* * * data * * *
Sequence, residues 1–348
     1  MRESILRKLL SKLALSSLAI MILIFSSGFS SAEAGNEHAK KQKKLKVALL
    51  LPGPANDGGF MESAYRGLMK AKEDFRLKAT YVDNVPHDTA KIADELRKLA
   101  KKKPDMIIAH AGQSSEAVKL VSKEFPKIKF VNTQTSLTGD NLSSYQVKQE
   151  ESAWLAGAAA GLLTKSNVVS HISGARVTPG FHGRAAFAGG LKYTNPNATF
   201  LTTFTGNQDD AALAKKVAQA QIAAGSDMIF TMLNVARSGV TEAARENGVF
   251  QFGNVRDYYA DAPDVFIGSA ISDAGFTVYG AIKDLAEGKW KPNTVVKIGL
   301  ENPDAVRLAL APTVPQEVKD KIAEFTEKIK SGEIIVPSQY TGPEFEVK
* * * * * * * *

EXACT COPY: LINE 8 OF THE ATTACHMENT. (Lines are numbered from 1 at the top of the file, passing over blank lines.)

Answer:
   301  ENPDAVRLAL APTVPQEVKD KIAEFTEKIK SGEIIVPSQY TGPEFEVK